NCIS fans have long memories. They fondly recall the scene back in Season 4 when Ziva David, then still a visiting Mossad agent, announced to Tony DiNozzo, "I will kill you 18 different ways with this paper clip." So when the woman who so engagingly played Ziva for eight seasons, Cote de Pablo, announced she was leaving the series, grief-stricken devotees sent paper clips to CBS in protest. But even that couldn't keep Ziva attached.
"On a September day in New York, I'm looking out my balcony, and I still miss my family," says de Pablo, thinking about not being on the Los Angeles set in the fall for the first time since 2005. "But they're with me all the time, every day, and that won't change." De Pablo is speaking with TV Guide Magazine exclusively after her abrupt decision not to renew her contract just prior to the start of production on Season 11 (which kicks off Tuesday at 8/7c on CBS).
As for the fan outpouring, she says, "I was incredibly moved by the blind support people had without ever getting reasons as to why I left. People trusted that what I was doing was what I needed to do, and that's unconditional love from people who don't even know me. That's been the most beautiful thing out of this process."
The love de Pablo felt from fans is being returned in a farewell hour that airs Oct. 1 and is easily the most anticipated episode in the history of TV's top-rated drama. It will finally provide some clarity to the long-simmering feelings between Ziva and Michael Weatherly's Tony DiNozzo. "As far as the 'Tiva' fans, they'll get a resolution they've awaited for years," she says. "There is a level of confession. And if it takes a big change like this to stir things up, it's all for the better. I'm a fan of the show!"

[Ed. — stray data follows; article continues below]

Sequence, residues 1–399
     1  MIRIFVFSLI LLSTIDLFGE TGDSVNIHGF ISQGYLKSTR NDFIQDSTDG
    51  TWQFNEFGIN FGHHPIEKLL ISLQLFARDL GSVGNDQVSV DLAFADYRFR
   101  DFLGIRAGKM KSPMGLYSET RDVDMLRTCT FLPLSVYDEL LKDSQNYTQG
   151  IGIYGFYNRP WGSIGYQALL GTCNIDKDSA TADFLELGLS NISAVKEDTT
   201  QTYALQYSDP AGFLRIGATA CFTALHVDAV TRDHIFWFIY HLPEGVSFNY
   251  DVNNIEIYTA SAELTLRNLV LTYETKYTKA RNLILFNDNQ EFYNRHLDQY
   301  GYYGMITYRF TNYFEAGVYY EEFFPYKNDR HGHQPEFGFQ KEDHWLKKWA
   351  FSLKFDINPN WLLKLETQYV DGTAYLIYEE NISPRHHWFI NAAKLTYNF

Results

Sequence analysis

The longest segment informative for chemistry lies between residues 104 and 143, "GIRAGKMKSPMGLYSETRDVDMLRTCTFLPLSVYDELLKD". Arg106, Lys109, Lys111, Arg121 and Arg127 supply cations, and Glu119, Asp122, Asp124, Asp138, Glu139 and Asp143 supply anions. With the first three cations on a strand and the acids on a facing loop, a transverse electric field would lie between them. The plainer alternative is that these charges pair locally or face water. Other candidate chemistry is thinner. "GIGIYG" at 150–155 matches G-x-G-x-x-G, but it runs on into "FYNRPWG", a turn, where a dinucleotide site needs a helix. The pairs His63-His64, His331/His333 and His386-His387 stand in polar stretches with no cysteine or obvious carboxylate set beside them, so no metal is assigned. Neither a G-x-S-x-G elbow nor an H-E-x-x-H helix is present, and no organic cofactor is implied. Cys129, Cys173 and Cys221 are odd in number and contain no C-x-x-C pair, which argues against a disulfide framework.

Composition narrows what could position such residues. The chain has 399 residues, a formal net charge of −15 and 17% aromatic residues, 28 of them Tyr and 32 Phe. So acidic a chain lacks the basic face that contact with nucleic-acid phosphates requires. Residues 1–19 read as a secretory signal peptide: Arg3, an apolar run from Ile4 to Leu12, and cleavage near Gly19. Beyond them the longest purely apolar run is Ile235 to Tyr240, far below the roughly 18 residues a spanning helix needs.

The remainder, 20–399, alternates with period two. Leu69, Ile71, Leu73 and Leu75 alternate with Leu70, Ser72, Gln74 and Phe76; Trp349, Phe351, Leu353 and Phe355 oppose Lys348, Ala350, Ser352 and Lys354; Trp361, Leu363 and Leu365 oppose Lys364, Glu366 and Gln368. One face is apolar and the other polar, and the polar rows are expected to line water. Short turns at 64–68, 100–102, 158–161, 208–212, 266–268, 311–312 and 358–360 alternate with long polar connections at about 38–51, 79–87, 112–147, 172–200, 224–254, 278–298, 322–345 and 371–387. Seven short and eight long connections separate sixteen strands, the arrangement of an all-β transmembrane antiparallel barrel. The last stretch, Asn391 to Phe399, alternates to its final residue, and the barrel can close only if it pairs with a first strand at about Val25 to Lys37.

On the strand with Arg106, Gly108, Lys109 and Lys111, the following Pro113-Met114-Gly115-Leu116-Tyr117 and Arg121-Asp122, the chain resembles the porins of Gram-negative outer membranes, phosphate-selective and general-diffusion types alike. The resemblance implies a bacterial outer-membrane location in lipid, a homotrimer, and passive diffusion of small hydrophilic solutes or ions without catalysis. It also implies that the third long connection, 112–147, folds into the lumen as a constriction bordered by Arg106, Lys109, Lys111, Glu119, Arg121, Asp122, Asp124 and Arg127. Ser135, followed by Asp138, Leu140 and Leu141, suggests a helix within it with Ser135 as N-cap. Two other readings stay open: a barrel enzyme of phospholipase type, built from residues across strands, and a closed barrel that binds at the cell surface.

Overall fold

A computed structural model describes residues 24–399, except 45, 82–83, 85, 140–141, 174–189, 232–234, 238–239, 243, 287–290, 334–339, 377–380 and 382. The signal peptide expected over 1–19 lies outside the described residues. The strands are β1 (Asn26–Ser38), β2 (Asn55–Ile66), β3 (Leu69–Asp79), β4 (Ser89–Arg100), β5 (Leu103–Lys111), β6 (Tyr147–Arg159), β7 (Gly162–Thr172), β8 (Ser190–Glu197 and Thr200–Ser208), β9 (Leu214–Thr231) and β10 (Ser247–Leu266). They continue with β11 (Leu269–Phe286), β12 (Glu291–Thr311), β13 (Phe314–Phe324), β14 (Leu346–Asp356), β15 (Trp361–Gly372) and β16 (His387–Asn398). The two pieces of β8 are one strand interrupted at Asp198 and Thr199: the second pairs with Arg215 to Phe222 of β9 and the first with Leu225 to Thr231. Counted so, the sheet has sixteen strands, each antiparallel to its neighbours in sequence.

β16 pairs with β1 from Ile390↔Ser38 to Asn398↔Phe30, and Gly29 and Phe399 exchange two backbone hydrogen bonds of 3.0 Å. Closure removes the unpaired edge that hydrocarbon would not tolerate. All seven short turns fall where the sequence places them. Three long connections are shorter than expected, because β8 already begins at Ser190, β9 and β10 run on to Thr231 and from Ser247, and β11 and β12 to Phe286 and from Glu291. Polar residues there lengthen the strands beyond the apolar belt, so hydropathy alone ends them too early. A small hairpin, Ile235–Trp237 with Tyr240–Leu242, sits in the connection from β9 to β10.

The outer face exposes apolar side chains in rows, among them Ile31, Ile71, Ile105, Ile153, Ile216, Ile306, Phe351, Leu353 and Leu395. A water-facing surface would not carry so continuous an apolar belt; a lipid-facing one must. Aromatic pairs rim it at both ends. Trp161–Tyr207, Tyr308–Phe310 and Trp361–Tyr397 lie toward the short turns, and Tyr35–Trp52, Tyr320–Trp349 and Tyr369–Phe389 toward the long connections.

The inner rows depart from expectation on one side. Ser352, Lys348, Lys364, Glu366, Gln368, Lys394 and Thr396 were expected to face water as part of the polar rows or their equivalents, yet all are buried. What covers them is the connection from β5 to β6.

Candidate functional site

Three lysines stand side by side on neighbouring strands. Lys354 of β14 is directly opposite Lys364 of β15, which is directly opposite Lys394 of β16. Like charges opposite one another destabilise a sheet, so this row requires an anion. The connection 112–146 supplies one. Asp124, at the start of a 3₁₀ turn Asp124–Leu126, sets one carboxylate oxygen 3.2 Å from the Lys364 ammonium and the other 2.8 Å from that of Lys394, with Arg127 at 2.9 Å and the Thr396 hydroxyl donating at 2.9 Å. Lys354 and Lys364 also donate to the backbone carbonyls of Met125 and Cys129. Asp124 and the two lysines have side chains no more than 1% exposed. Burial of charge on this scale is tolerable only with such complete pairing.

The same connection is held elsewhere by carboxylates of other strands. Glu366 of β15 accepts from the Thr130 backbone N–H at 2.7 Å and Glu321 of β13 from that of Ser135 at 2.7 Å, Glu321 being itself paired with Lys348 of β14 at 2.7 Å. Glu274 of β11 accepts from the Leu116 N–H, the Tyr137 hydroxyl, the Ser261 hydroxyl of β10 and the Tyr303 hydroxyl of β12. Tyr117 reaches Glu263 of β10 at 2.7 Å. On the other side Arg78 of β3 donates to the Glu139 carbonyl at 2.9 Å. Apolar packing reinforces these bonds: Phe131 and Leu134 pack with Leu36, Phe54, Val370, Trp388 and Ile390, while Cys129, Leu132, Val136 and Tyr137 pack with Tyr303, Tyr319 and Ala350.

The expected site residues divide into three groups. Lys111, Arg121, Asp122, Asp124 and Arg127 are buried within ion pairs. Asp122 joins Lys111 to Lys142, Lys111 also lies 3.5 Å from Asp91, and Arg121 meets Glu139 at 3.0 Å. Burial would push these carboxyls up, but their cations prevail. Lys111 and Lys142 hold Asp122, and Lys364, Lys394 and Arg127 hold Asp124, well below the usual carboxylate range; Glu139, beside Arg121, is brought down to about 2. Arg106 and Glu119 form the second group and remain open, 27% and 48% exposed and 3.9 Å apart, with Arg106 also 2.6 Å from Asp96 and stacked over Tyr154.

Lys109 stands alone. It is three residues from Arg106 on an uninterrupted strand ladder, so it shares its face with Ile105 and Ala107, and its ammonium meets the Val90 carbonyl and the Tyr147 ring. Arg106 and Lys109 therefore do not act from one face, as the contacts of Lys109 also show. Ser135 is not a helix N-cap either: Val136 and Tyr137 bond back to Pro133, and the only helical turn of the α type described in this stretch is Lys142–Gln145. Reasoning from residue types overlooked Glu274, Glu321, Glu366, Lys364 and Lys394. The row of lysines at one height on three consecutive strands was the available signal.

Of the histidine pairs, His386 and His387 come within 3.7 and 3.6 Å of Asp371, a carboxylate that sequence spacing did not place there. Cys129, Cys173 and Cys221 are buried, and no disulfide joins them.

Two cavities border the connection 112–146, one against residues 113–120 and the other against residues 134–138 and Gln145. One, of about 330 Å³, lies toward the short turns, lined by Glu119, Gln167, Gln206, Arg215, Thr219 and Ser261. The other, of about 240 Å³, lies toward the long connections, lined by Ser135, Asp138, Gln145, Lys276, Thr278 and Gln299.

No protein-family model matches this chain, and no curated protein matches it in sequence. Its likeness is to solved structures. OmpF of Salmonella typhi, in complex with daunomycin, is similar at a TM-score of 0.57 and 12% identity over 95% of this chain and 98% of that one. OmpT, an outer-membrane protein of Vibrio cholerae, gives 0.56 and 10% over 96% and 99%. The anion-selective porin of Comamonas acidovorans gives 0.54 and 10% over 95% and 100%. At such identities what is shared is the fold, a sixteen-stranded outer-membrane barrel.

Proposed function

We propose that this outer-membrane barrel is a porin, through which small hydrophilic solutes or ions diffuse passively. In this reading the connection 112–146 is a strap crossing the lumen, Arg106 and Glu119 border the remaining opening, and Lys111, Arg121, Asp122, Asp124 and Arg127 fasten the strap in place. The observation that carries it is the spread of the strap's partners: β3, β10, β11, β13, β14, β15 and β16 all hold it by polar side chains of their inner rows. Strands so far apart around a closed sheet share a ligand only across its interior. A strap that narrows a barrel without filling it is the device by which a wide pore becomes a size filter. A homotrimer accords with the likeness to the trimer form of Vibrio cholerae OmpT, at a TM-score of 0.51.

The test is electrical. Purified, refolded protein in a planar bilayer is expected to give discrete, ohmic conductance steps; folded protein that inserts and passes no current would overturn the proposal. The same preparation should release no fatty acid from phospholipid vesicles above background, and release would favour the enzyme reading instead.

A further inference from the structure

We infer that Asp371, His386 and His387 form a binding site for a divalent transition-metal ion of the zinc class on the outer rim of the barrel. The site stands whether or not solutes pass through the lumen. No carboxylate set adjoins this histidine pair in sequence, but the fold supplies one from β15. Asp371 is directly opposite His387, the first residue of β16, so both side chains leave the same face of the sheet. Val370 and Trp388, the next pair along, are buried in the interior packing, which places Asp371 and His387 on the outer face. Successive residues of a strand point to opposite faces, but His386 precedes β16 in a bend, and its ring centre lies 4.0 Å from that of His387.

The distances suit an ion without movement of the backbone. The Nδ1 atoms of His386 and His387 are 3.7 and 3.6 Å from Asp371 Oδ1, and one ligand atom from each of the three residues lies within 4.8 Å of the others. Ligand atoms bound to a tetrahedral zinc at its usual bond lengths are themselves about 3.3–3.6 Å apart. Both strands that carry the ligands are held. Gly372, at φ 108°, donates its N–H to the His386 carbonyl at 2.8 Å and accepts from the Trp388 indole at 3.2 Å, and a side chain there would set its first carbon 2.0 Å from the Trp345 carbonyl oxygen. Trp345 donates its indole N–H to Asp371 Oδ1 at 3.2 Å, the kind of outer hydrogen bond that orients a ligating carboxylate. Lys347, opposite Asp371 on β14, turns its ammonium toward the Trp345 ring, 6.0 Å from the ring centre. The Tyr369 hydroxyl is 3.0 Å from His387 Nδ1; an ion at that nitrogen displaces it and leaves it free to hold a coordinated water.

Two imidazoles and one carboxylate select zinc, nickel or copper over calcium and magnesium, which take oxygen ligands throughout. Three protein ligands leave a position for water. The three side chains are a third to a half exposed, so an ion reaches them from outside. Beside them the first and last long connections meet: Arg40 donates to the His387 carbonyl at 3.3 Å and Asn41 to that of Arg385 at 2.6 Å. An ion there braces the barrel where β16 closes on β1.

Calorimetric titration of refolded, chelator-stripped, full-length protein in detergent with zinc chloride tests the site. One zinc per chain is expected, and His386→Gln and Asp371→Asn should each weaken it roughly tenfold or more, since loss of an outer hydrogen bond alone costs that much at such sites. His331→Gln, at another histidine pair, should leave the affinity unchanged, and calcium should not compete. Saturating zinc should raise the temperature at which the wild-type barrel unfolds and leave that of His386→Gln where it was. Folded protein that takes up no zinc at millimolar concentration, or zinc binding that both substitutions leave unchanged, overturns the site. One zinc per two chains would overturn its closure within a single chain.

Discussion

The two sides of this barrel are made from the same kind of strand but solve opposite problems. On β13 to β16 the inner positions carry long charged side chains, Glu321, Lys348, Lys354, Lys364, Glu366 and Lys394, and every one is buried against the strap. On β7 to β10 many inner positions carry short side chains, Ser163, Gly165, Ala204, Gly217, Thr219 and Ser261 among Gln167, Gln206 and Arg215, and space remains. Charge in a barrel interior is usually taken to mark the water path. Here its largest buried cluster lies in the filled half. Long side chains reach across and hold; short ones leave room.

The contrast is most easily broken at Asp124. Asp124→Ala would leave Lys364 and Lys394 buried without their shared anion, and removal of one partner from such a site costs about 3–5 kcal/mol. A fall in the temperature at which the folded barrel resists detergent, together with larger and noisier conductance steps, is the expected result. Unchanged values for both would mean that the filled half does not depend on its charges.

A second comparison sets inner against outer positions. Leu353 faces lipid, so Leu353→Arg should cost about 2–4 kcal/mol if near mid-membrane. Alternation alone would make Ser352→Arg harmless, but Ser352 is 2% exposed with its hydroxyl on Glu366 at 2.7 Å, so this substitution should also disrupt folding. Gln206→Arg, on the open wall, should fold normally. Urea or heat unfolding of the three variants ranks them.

Such mixed feelings may only deepen the mystery of why de Pablo left. Clearly, there was a last-minute impasse no one wants to discuss, beyond the network's insistence that money wasn't a factor. "As far as my decision to leave, that's a personal thing, and I'd rather leave it at that," she says. "The idea of leaving was not something I toyed around with for a long time. It was an overwhelmingly hard thing — at times terrifying."
She has no grand scheme for doing a sitcom or movies. "Leaving NCIS was not planned, so there is no plan. If I were panicking now, it would defeat the purpose. I need to get really excited about something, because for eight years I was really excited about this character. I don't want to start anything unless it's like that."
Bittersweet is the word she inevitably uses to describe how it felt to wrap up her storyline at the -beginning of Season 11. "Did I want to leave under those circumstances? That's another story," she says. "But I'm not of the belief that you just take off and leave fans hanging. A lot of people don't get the privilege of going back to a set and being able to say goodbye to people. I left under my terms, and that was wonderful."
The final shoot was "a beautiful day — a quiet, intimate set," she says. "I'm horrible at saying goodbyes, because I've been saying goodbyes ever since I left my country [Chile] when I was 10, so even though I did not utter the word goodbye, I was able to hug them and let them know how much I loved them. And that's all that matters."
"We wanted to give her the most graceful, emotional payoff we could," says exec producer Gary Glasberg. "It was a pretty magical moment. Cote took it and ran with it, and the emotion you'll see on screen is very real."
Ziva's most intimate moments were with Tony, and de Pablo enthuses over "getting to close things off with my partner in crime, Michael. My first scene ever in the bullpen was with Michael, and my goodbye scene was with Michael. I feel like that was a beautiful way of ending — for now, certainly — a beautiful chapter between these two."
Did she say "for now"? Although you get the feeling any reprise would be years in the future, de Pablo has a surprisingly hopeful, never-say-never answer when asked if she could ever return for a cameo or something bigger. "The greatest thing about this last episode is that Ziva doesn't die," she says. "As long as a character doesn't die, the character can always come back. Not that it would actually matter, because we bring back characters from the dead all the time on NCIS!"
Notice her use of the present tense and the word we. De Pablo may be almost as reluctant to let go of Ziva as all those paper-clip wielders are.